Beef 911: When the need arises, fetotomy is the best solution

The goal is always to protect the cow from further trauma 
and hopefully give her many more productive years

Fetotomy — a veterinarian’s fancy word for cutting up a dead calf within the cow during the birthing process — still has a valuable place in a competent veterinarian’s bag of tricks.

The whole object with a fetotomy is to minimize trauma or damage to the cow. The calf at this point is a lost cause because it has already died. The only times veterinarians do a fetotomy on a live calf include a schistosomas reflexus (inside-out calf) or any other fetal monsters such as a two-headed calf or a hydrocephalus calf (water on the brain). All of these examples are non-viable calves and had they been born alive by C-section would have died shortly thereafter, or been put to sleep humanely.

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Fetotomies involve a simple principle. With a specialized instrument (a fetotome) and obstetrical wire the calf is systematically cut into smaller pieces to facilitate delivery out the vagina. The fetotome is generally a two-tubed instrument which protects the wire from damaging the cow. It can be anchored, so to speak, to the calf using an obstetrical chain. This allows an assistant to perform the cut while the veterinarian makes sure of positioning. Our goal as a veterinarian is to minimize the number of cuts, but to do the right ones to expedite delivery. If the health of the cow is maintained, she can often be bred back and go on to further productive years.

The most common usage is for the traditional “hiplocked” calf. As long as the producer has not pulled too hard and the veterinarian can get there quick enough the calf can be split right down the middle of the pelvis. The two halves can then be pulled out by hand, and if the veterinarian is worried about a downer, will probably administer anti-inflammatories.

Another common usage is for a full breech calf with both legs very rigid and manipulation would only lacerate the uterus. Here one must be very confident the calf truly is dead and that can be difficult. The finger in the rectum for sphincter tone is one way, but if a cow has been straining a lot, one can be fooled. The only other way is to reach down and feel the umbilical vessels for signs of a pulse. If there isn’t one, the procedure is the veterinarian will cut off both hind legs and then pull on the stump with a krey hook (we must make absolutely sure there is no pulse). The krey hook is another specialized instrument which looks like an ice pick and as you pull on the chain attached to it, it tightens down into the bone. It generally is best to have it bite into boney tissue like the spine.

Dead, head-first presentations, where the head is a long way outside the vulval lips, is another perfect candidate for a fetotomy. Veterinarians or farmers alike must have to work extremely hard to force the swollen head back inside the now-swollen vagina. Even if you do, by the time both front legs are brought up there may not be enough room. By doing one cut and removing the head and as much of the neck as possible you gain valuable room and most times get the rest of the calf out. A perfect cut here almost dishes out the area between the shoulders making that area smaller as well so a light pull generally extricates the calf.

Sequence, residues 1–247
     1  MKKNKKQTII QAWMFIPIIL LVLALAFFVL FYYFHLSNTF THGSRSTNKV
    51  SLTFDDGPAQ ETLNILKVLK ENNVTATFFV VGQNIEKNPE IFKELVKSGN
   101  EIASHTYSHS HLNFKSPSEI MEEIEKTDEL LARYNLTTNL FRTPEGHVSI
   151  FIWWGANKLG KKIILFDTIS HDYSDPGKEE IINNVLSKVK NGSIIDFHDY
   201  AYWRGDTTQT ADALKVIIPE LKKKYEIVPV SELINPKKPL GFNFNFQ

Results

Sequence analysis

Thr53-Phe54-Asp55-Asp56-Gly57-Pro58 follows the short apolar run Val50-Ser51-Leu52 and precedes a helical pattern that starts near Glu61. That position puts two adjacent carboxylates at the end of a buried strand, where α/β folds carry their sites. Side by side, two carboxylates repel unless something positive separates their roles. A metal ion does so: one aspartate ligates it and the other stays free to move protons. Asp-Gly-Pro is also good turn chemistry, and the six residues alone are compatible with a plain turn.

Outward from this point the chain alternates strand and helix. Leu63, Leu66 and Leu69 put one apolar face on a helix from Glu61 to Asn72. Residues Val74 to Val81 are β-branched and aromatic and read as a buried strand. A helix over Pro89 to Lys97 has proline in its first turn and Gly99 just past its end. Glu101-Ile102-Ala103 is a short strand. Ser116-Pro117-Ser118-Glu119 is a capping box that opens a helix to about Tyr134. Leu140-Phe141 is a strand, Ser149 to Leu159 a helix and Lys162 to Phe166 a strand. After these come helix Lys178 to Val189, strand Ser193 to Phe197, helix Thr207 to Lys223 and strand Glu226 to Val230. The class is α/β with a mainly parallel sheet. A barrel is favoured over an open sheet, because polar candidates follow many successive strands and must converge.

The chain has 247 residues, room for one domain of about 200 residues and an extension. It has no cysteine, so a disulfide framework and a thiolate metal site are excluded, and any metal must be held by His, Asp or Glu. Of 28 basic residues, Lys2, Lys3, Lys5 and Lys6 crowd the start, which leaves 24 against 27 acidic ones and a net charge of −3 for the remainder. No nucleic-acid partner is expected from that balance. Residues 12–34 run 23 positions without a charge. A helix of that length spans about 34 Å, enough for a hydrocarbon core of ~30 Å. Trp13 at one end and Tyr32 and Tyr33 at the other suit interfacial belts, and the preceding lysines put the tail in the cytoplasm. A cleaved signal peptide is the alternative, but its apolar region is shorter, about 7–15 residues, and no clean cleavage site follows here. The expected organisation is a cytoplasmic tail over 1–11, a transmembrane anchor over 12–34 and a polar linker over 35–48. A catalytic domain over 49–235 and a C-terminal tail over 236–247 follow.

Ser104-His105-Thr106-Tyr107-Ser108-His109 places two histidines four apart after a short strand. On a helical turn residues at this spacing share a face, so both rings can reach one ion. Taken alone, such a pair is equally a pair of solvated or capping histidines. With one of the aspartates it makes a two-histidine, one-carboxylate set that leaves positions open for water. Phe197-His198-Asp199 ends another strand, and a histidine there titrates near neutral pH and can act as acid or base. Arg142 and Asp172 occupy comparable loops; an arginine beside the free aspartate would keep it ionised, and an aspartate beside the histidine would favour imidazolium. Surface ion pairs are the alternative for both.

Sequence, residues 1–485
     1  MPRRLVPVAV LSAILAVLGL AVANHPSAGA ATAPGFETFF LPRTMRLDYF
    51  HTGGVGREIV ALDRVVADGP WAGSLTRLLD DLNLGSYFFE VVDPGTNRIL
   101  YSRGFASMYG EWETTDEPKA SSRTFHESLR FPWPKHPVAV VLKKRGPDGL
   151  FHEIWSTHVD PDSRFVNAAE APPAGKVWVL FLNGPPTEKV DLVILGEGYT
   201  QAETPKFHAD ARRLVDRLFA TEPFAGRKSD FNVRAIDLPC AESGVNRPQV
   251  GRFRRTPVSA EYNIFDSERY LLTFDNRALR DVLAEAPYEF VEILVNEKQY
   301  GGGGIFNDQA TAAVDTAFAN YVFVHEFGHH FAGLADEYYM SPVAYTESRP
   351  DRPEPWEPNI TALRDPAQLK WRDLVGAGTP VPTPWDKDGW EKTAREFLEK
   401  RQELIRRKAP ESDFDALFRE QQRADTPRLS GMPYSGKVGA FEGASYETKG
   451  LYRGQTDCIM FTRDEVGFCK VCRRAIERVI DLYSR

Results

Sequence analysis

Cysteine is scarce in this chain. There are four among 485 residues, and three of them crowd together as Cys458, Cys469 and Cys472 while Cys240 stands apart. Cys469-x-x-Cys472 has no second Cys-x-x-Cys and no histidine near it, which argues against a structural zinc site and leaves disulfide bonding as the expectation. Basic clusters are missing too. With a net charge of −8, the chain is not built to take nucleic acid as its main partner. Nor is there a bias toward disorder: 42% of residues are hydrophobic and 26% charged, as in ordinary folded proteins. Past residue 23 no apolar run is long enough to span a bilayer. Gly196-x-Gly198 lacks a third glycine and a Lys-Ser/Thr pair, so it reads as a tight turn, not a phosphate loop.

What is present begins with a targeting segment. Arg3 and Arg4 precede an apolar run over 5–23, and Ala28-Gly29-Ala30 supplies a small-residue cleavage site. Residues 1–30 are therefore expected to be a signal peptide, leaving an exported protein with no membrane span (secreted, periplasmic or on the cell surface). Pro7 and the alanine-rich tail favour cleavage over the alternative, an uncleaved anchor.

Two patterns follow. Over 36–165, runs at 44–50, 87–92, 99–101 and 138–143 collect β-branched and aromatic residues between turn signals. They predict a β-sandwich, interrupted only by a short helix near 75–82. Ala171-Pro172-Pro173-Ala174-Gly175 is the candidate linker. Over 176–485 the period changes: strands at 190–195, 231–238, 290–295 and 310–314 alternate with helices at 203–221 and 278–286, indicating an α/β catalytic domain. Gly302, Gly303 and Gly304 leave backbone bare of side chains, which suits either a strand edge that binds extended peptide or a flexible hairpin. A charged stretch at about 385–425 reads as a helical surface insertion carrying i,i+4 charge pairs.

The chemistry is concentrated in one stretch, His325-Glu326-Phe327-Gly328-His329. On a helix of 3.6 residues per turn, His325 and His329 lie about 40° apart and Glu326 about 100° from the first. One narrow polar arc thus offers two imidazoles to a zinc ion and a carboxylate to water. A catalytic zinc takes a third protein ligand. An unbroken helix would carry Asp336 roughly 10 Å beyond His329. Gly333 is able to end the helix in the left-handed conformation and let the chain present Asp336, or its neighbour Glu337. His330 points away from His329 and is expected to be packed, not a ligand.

I have many times told equine veterinarians, “Who better to handle foalings than bovine veterinarians?” Mares seldom have problems foaling, but if they do, it generally is a wreck and if not found and attended to quickly, a dead foal is often the result. I have heard of mares having to be totally anesthetized in order for straining to stop and a head-first presentation pushed back. What better opportunity than to do a fetotomy to minimize damage to the mare. Foals’ extremely long legs make head-first presentation much more difficult in this species. This is where expertise from one specialty (bovine obstetrics) in veterinary medicine can definitely help another (equine).

With emphysematous (dead and blown up with air because they are decomposing) fetuses, if you get the fetus out the back end even with multiple cuts you most often will save the life of the cow or heifer. Doing a C-section is not only very costly and difficult, it is extremely risky. Any contamination from the uterus of its infected contents into the cow’s abdomen will spell almost certain death to the cow.

This is where the skill and experience of the veterinarian really are put to work. With a combination of lots of lubricant to facilitate movement and manipulation combined with the right cuts the calf can often be delivered. If the cuts can expose either the abdomen or thorax, this will allow a lot of the internal gas to escape making delivery easier. When a calf dies, it swells up and dries out the uterus so we are also dealing with an extreme amount of friction when delivering these calves.

Even though it is something a farmer rarely sees, the performance of a fetotomy can be a valuable tool to return the cow to working form. Care must be taken to not damage the cow so her future reproductive function can hopefully be maintained. Generally speaking, with emphysematous fetuses, rebreeding rarely occurs. We rarely perform fetotomies because of today’s easy-calving breeds. But malpresentations, hiplocks, and fetal monsters still happen and we as veterinarians must be able to properly rectify the situation for our clients.

About the author


Roy Lewis practised large-animal veterinary medicine for more than 30 years and now works part time as a technical services veterinarian for Merck Animal Health.



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